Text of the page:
For generations, the job of managers was to give orders, see that they were followed, and hold people accountable if they didn't comply. Managers were paid to be in charge and to control what happened in their area - to guarantee that certain results happened. If they could deliver the goods expected by their management, they got nice bonuses and were eventually promoted.
by Ken Blanchard
Kenneth Hartley Blanchard (born May 6, 1939) is an American author and management expert. His book The One Minute Manager (co-authored with Spencer Johnson) has sold over 13 million copies and has been translated into 37 languages. He has coauthored over 30 other best-selling books, including Raving Fans: A Revolutionary Approach To Customer Service (1993), Leadership and the One Minute Manager: Increasing Effectiveness Through Situational Leadership (1985), Gung Ho! Turn On the People in Any Organization (1997), Whale Done! The Power of Positive Relationships (2002) and Leading at a Higher Level: Blanchard on Leadership and Creating High Performing Organizations (2006).
All that has changed. Today, the manager's main concern must be how to shape more supportive work environments and how to find ways to help each employee be more productive.
One reason for this shift is the changing demographics of today's workforce. The explosion of two-wage-earner families has taken a toll on family life, makin it more stressful for people to juggle the demands of home and work life. Having more non-traditional families with single parents has added to this stress.
Demographics also account for the increase of younger employees - the-post Baby Boomers - who are entering the work force in droves. These younger employees have very different work and life values that have been shaped in partial reaction to the values of their parents. While their parents became workaholics and slaves to their jobs and careers, today's younger workers are much more interested in a balanced lifestyle. They want jobs which they feel have meaning and a larger purpose than just getting a paycheck.
If these new needs and values are not reflected in the workplace, people are all too quick to leave to find another environment that is more in synch with who they are. This is true even in tough economic times because today's younger workers are also more willing to forego the trappings of material success and to make do with what they have. They may not jump ship the first time they are unfairly yelled at, but they may decide at that moment to leave and then wait until they line up a suitable (not necessarily better) alternative.
Three Primary Values
These new values are reflected in the recent National Study of the Changing Workforce conducted by the Families of Work Istitute in New York. The top three variables that some 3,400 randomly selected men and women considered to be most important in deciding to take their current job were: 1) open communication, 2) effect on personal and family life, and 3) the nature of work.
What do these changes mean for today's managers? The expectation is clear that today's employees want a more caring, supportive management style, and they are willing to forego other aspect of a job - including salary considerations - to get it. The manager that can make these new values a priority in his or her dealings with employees will be more likely to have more productive and satisfied workers now and in the long term.
1) Open communication. For starters, every manager needs to take the task of sharing information with all employees very seriously. Provide people with what you know, when you know it - especially when it is something that may affect their jobs. Information about company finances, new products, competitive practices, and pending changes in policies are all of interest to most employees. Involve employees in decisions that affect them - or better yet - whenever possible let them make the decisions themselves.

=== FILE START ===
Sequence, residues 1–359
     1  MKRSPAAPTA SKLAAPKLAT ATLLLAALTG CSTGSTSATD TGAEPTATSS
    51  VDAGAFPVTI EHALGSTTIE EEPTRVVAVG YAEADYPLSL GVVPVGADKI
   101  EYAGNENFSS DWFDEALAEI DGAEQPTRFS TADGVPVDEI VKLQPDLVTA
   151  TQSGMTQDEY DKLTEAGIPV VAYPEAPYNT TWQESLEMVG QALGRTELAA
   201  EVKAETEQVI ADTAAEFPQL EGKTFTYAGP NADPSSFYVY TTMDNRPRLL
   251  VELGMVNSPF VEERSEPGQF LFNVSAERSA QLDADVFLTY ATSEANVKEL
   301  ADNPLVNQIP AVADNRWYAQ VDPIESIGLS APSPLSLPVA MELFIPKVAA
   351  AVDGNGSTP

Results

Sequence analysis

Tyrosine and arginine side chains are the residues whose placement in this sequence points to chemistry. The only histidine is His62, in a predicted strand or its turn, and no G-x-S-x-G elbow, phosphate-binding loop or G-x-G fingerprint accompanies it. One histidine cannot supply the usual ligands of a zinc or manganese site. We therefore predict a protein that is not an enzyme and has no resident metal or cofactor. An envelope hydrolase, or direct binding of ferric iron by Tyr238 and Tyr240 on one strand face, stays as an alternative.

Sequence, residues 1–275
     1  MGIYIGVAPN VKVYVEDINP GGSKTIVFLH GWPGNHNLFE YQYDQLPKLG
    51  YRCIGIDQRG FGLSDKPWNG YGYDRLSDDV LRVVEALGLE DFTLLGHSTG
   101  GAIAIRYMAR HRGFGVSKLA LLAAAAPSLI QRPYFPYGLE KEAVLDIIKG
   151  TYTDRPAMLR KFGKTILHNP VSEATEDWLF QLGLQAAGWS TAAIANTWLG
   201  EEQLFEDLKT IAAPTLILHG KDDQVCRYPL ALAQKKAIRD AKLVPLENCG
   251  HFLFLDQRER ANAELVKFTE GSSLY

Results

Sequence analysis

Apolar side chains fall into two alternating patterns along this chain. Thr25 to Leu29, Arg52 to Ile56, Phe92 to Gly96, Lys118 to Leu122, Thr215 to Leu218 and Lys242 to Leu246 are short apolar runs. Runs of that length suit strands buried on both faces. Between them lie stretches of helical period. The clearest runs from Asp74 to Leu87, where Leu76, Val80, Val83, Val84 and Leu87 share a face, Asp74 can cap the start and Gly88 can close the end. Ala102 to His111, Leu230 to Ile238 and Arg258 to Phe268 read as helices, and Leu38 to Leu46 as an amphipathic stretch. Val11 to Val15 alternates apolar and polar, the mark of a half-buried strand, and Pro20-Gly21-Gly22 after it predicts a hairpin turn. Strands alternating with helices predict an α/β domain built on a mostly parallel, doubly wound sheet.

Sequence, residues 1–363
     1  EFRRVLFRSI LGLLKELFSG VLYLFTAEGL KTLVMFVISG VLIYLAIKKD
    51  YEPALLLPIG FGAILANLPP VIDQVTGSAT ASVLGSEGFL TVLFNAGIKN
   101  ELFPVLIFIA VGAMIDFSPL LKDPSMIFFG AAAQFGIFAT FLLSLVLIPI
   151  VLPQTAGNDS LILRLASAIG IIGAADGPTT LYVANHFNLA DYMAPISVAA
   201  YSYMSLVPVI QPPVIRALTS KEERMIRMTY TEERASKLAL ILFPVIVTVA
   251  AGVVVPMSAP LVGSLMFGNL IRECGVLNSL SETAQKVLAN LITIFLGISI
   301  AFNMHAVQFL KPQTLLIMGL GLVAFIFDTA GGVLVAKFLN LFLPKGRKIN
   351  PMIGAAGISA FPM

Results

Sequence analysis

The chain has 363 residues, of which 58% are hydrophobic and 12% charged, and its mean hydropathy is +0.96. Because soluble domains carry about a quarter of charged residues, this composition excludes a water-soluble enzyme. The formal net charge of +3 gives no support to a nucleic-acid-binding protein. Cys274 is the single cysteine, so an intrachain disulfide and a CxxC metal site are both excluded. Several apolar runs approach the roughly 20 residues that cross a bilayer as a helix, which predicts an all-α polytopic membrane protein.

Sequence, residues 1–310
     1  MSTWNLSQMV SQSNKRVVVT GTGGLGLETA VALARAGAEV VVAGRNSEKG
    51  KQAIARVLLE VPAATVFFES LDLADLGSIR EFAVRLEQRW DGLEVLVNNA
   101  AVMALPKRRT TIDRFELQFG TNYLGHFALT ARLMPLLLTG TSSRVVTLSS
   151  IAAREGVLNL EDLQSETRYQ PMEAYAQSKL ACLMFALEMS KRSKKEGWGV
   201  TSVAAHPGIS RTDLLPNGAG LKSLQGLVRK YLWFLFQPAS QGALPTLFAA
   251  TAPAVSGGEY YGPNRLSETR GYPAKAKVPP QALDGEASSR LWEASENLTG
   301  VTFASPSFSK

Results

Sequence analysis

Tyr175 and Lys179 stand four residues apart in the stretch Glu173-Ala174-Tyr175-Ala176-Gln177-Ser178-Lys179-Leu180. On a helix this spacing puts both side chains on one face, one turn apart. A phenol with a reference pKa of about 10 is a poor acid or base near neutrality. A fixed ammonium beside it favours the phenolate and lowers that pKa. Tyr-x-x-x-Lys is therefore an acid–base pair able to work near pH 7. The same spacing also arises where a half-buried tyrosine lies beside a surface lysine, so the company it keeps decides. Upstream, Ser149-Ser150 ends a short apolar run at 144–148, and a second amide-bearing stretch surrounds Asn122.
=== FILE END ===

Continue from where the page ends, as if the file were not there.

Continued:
2) Effect on personal and family life. Today's manager need also to find new ways to allow for greater flexibility and autonomy in individual jobs to account for non-work needs. I'm always surprised, for example, how some managers can be so insistent that every one of their workers be on the job at exactly 8:30 a.m. and work a prescribed number of hours with any deviations requiring advance permission. Isn't it more important for your employees to be at 100 percent when they are there? For a working mother who has to contend with schedules of a day care provider, a little flexibility in working hours can go a long way in making life less of a hassle and assuring some piece of mind - and better focus - while she is at work.
3) The nature of work. Finally, giving meaning to work is a critical responsibility for every manager. Although you can't easily change what your company does as a business, you can have a big impact on the individual context of how every employee sees his or her job. Let employees know why what they do is important to your company and to providing value to your customers. Allow them the opportunities to develop skills that can make them more valuable employees.
Beyond setting a context, you need to constantly let your employees know that you appreciate their efforts in as many ways as possible. Everyone needs to feel valued and everyone wants to be recognized for the job they do. Taking a moment to thank an employee for a specific achievement demonstrates first, that you are aware of the achievement and second, that you feel the achievement (and the person) are important enough to take time to personally thank the individual.
As the architect Mies van der Rohe once said, "God is in the details." And details of managing today are increasingly moving toward finding ways to better help and support the people who are serving your customers and keeping you in business.
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